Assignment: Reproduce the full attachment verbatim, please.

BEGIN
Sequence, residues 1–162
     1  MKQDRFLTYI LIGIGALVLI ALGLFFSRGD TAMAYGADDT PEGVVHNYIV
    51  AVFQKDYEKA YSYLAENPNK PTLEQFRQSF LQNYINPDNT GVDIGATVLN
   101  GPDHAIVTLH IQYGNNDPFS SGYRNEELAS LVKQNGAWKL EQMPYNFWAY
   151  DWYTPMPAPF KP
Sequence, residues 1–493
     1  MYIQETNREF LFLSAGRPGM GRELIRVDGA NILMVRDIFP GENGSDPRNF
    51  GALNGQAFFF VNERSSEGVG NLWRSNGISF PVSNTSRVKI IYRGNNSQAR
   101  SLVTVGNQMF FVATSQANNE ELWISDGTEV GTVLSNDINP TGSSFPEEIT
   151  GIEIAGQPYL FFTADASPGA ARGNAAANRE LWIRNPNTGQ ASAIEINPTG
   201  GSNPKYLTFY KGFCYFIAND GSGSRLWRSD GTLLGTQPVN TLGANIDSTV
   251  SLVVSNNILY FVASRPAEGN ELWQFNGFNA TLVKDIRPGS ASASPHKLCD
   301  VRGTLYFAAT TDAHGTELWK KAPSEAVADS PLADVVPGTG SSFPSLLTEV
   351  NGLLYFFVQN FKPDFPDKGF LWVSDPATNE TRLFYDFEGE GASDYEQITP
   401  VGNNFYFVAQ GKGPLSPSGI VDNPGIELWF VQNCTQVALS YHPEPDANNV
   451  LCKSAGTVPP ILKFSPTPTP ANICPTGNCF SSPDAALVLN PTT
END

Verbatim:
Sequence, residues 1–162
     1  MKQDRFLTYI LIGIGALVLI ALGLFFSRGD TAMAYGADDT PEGVVHNYIV
    51  AVFQKDYEKA YSYLAENPNK PTLEQFRQSF LQNYINPDNT GVDIGATVLN
   101  GPDHAIVTLH IQYGNNDPFS SGYRNEELAS LVKQNGAWKL EQMPYNFWAY
   151  DWYTPMPAPF KP
Sequence, residues 1–493
     1  MYIQETNREF LFLSAGRPGM GRELIRVDGA NILMVRDIFP GENGSDPRNF
    51  GALNGQAFFF VNERSSEGVG NLWRSNGISF PVSNTSRVKI IYRGNNSQAR
   101  SLVTVGNQMF FVATSQANNE ELWISDGTEV GTVLSNDINP TGSSFPEEIT
   151  GIEIAGQPYL FFTADASPGA ARGNAAANRE LWIRNPNTGQ ASAIEINPTG
   201  GSNPKYLTFY KGFCYFIAND GSGSRLWRSD GTLLGTQPVN TLGANIDSTV
   251  SLVVSNNILY FVASRPAEGN ELWQFNGFNA TLVKDIRPGS ASASPHKLCD
   301  VRGTLYFAAT TDAHGTELWK KAPSEAVADS PLADVVPGTG SSFPSLLTEV
   351  NGLLYFFVQN FKPDFPDKGF LWVSDPATNE TRLFYDFEGE GASDYEQITP
   401  VGNNFYFVAQ GKGPLSPSGI VDNPGIELWF VQNCTQVALS YHPEPDANNV
   451  LCKSAGTVPP ILKFSPTPTP ANICPTGNCF SSPDAALVLN PTT